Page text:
The audio signal (corresponding to horizontal video information) would then be swept laterally from right to left (or vice versa) like sweeping on a stereo ‘balance’ control by playing in one ear and then diminishing the volume and simultaneously increasing the volume from zero to full in the other ear.
In another embodiment of this lateral sweep would be to apply a sweeping phase shift to a constant volume audio signal and allow the brain's sensitivity to phase shift to read the lateral composition of the sound. That is, since sounds arrive at the right ear a fraction of a second sooner from sources on the right, our brains have developed the ability to sense this time delay and it could be applied to the audio sweep. It could also be modified from the normal fractional millisecond shift to achieve greater mental separation.
Providing vertical image sensitivity could then be done by modifying the carrier frequency. Each horizontal image band audio signal could be played as a tone of varying intensity and the tone frequency would change with vertical position on the image. That is, if playing image bands down an image, the right to left sweeping bands of sound would drop in background frequency while scanning down the image. This provides mental feedback to the vertical orientation of the audio scan lines.
Another embodiment reads complete images as sonograms, (like seen in the classic Golden Books, ‘Field Guide to Birds of North America’). Sonograms are plots of frequency on the vertical axis and time on the horizontal. For example, a Blue Jay's sonogram might look like a row of horizontal commas. An image as a sonogram would then be converted by a inverted Fast Fourier Transform (FFT) into audio wave forms and played into the ears. As an example, a diagonal line across a field of view might be played as a climbing tone.
If phase shift is used to delineate right from left image, the sonogram approach would allow the use of two horizontally separated cameras for stereo vision. This could allow the triangulation of objects that good seeing eyes have and provide 3-D information about objects, (distance, collision probability, size assessment, etc.).
An alternate approach to video to audio conversion is to convert the video image directly into an audio sequence. In this playback format, the audio signal is more akin to the audio feedback a Bat (the flying mammal) gets through Echolocation. This utilizes many complex interactions of frequency, phase shift, etc. When Bats fly into a cave and approach their landing site. It is known that their clicking sounds increase in frequency to provide them with greater image resolution. This, they will need if they are to do a back flip and grab on to a wall with their feet whilst upside down. The question of adapting complete image playback is not fully explored in this invention.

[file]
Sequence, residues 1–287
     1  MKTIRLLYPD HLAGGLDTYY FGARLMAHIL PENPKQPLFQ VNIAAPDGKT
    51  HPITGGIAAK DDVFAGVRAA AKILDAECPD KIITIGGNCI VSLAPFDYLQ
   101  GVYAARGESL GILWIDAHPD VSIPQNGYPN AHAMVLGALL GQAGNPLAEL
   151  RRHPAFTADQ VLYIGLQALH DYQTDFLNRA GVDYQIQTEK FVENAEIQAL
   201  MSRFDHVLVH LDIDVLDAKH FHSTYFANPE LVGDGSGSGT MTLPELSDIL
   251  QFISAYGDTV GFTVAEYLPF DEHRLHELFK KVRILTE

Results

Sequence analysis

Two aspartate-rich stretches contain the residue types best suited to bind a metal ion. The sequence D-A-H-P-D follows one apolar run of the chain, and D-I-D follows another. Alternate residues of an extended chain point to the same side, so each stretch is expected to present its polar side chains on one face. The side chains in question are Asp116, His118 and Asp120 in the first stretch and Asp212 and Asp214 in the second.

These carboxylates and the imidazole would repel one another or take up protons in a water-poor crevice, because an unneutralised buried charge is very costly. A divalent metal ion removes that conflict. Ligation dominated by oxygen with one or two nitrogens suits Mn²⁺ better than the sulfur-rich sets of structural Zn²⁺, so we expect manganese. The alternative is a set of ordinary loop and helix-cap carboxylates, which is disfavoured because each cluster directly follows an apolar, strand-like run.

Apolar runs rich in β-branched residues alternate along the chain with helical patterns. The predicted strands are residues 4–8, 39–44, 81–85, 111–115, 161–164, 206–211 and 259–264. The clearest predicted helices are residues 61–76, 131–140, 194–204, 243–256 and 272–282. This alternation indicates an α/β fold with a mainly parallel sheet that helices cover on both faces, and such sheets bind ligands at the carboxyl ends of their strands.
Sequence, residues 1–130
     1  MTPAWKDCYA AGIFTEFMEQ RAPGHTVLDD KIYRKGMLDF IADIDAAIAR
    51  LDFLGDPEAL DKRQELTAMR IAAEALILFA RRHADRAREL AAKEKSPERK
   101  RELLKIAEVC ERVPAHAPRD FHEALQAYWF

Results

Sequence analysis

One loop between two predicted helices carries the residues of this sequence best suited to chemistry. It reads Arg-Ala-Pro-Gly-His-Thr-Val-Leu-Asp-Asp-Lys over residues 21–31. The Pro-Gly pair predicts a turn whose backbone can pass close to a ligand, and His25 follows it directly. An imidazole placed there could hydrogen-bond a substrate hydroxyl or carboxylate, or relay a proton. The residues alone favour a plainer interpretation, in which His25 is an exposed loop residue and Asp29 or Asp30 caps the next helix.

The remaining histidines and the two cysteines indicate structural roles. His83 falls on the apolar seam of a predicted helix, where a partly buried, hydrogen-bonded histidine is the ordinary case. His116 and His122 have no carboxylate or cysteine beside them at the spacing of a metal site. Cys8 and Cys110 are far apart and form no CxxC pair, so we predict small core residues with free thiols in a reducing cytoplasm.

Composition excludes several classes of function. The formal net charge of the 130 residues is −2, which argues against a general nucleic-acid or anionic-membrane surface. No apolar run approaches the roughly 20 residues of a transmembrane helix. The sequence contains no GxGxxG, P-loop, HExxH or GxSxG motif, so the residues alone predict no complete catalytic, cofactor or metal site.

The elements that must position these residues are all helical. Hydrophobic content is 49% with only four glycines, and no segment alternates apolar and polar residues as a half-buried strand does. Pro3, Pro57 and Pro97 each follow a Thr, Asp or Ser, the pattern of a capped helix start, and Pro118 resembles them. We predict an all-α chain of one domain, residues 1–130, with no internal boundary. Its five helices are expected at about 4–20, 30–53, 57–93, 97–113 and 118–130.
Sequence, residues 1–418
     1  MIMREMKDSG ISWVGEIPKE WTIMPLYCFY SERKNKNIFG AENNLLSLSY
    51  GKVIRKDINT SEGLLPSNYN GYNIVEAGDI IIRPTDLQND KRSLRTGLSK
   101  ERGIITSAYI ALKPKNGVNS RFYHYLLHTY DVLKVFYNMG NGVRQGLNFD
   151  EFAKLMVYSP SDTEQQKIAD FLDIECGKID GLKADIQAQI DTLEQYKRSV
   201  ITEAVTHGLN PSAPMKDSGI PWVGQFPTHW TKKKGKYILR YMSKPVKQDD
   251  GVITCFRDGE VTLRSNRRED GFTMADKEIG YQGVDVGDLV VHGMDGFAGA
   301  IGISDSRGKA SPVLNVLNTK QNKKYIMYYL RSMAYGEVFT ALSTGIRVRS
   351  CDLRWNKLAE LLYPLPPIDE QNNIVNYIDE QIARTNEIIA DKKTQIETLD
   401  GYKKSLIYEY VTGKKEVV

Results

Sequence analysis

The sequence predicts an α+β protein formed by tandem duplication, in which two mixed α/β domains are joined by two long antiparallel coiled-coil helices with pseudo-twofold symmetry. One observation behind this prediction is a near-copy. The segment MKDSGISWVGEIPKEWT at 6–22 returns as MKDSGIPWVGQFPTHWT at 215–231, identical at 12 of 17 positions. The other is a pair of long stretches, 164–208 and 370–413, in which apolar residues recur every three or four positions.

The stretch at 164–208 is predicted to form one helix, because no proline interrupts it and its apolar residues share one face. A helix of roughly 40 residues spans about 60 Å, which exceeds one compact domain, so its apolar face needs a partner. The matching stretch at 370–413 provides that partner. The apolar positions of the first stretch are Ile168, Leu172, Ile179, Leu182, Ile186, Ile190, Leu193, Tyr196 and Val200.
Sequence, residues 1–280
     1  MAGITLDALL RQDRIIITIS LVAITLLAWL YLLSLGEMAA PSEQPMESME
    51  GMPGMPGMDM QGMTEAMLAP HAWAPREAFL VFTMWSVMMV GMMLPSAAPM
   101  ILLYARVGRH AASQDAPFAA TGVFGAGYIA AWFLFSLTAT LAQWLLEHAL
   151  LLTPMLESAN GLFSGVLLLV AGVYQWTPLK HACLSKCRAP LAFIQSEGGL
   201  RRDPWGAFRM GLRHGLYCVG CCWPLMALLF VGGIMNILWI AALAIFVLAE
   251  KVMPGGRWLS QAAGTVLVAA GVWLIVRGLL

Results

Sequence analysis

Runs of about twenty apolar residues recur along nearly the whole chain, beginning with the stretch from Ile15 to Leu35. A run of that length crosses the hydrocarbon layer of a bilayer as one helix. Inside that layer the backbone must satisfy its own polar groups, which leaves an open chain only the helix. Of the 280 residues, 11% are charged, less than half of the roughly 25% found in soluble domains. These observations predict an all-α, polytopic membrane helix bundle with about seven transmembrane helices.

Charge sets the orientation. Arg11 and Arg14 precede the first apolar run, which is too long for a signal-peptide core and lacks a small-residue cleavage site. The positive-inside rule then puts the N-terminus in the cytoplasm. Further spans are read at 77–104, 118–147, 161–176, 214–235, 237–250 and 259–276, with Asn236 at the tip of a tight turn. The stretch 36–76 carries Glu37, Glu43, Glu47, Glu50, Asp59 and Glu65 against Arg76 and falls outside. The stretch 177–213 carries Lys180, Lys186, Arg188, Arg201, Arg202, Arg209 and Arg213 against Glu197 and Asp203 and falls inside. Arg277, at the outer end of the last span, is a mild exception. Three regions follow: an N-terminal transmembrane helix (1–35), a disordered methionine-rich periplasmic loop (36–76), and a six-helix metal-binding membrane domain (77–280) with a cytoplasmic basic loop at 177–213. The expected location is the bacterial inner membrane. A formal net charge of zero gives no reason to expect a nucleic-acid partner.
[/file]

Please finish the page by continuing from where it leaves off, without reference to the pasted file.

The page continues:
Either way, the image to be ‘heard’ is very complex from a data transfer standpoint. In order to pack more of the image data into the audio signal, several compression algorithms can be used.
The audio signals played could be of a modified image. Just as there are more rods and cones in the central part of a human eye's retina, the image would be distorted to have a magnified central portion (fish eye lens effect). This would allow spending more of the imaging (audio) time in the central critical area of the image.
As with the human eye, this central magnification would also allow improved shape recognition because the number of pixels of approaching shapes would be size invariant, (to a point, and only at the image center). This is partly why we recognize approaching objects so readily when looking right at them.
In another embodiment, there would be a microphone listening to the outside world. If a loud sound interrupts the user, the audio system would adjust to improve the imaging or in the opposite mode, the ability of the user to hear important sounds. That is, it could be programmed to overpower loud background noise and quiet down to allow the listening to a question posed by an associate.
In addition, in order to reduce the needed complexity of the video/audio image, the image would be converted to grey scale and then to an edge detection image. The visual format would be a grey image with lines only at edges of objects. The audio version would be the sweeping monotones with louder pulses at the edge locations. The center magnification would be part of the sweeping monotones.
Experiments on update frequency reveal that on a 8 m wide path, an updated image played at one frame per five seconds provides excellent feedback, one frame per ten seconds provides marginal feedback, and one frame per fifteen seconds results one the wandering path of a drunkard (not wandering off the course but never resulting in a center line path). Updates of once per fifteen seconds is considered poor update frequency.
In the Bat (flying mammal) mode, the audio signals would be complex frequency, phase shift, and left to right sound patterns which would directly generate the imagery. In these audio signals, a continuous audio image (at much greater than once per fifteen seconds) can be generated but the signal would be complex and the learning curve to comprehension, slow.
Thus, those having ordinary skill in the art would recognize the value of a simple ‘seeing’ system for the blind and that it should be low cost, easy to use, easy to learn, provide audio compensation, and provide image resolution useful to the blind for seeing.
In the specification and drawings, there have been disclosed typical embodiments of the invention and, although specific terms have been employed, they have been used in a generic and descriptive sense only and not for purposes of limitation, the scope of the invention being set forth in the following claims.